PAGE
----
Jemima Atkinson is the great-granddaughter of Professor Henry Robinson (1837–1915), a King’s engineering alumnus who was known by his family as Herbert. She recalls hearing about the proud moment when Herbert started work on Tower Bridge, explaining: ‘It was an exciting and ground-breaking project to work on at the time, which would connect one side of London to the other. His team were given a picture of the bridge and told to make it work, so it’s a good job they were fixated on solving problems.’
During Herbert’s career, he worked on many important projects, including railways, water supply, sewerage and electric lighting. He became Professor of Civil Engineering at King’s in 1880 and was an expert on hydraulics and sewerage, contributing to academic literature on these subjects.
This passion for engineering continued to run in the family, as Herbert’s daughter, Irene, went on to marry another King’s engineering alumnus called Arthur Bartlett, who was taught by Herbert.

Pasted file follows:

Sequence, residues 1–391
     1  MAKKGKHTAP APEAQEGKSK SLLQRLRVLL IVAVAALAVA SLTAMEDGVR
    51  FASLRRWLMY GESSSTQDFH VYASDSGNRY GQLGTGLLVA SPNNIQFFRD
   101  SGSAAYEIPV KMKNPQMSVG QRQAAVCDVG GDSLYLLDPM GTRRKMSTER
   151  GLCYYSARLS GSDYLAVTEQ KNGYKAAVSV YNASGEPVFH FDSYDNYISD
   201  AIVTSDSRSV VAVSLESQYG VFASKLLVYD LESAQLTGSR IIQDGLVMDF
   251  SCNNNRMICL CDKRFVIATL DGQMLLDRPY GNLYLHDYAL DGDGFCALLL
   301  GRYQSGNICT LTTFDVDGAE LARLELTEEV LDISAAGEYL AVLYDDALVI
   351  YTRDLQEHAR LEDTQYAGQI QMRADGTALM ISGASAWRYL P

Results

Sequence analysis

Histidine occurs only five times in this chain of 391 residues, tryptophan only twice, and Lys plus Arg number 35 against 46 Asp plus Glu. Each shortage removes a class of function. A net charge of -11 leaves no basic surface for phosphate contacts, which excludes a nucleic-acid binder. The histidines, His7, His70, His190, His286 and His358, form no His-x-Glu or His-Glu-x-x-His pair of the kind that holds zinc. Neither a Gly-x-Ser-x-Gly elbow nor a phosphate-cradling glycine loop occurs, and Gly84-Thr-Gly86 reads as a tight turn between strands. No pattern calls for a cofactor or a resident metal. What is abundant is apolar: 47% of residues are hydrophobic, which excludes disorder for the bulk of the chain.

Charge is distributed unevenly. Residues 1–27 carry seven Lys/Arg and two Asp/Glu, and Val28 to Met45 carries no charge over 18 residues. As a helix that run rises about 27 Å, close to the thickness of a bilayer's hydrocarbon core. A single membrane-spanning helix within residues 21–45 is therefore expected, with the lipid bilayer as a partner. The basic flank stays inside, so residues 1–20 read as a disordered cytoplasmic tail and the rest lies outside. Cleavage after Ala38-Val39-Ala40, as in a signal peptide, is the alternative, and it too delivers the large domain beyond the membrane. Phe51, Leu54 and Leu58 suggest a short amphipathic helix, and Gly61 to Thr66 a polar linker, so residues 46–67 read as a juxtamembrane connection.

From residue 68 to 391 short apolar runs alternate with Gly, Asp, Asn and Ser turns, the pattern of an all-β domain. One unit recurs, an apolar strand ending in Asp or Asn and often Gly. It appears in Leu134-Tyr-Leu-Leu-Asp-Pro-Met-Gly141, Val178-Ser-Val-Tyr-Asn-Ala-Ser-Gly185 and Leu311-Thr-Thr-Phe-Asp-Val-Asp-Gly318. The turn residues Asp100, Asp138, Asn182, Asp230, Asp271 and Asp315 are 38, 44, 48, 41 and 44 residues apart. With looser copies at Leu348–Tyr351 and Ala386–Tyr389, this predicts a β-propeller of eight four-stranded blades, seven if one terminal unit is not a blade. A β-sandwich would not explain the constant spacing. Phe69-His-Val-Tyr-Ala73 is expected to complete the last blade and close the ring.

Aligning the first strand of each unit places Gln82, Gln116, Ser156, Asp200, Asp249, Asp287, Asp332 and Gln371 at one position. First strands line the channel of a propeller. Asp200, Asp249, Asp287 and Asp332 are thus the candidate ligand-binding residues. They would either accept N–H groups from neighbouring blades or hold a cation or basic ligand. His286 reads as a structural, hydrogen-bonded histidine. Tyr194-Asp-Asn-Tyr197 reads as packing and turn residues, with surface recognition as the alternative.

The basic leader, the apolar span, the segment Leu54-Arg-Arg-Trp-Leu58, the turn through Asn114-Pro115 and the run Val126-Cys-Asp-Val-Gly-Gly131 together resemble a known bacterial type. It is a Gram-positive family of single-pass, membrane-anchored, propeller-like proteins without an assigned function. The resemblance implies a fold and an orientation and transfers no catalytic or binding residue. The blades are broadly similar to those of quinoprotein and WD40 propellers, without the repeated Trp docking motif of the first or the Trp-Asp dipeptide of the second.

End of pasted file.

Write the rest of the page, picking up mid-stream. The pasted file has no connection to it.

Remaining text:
Jemima remembers her grandfather Arthur working on the engineering of London Underground’s Bakerloo line, proffering: ‘I think Henry and Arthur would have been over the moon with the new Crossrail, which will, like Tower Bridge, help further connect our capital city.’
Jemima now has four grandchildren, whom she has taken on trips to visit Tower Bridge. They all have enjoyed exploring the viewing gallery, including her nine-year-old grandson who already aspires to be an actor rather than an engineer. ‘I’m sad that no one else in the family has gone on to study engineering, but I’ve told my grandchildren that they can do whatever they choose,’ Jemima reflects. ‘And if the girls do decide they want to become engineers, it’s great that they are able to do so now. It’s not just for boys!’
With Jemima’s generous legacy, more young people out there will be supported to study engineering at King’s, and some may well be part of the world’s future innovative engineering projects. She says: ‘I am pleased to leave a legacy to King’s, as it’s the least that I can do to support the next generation of engineers.’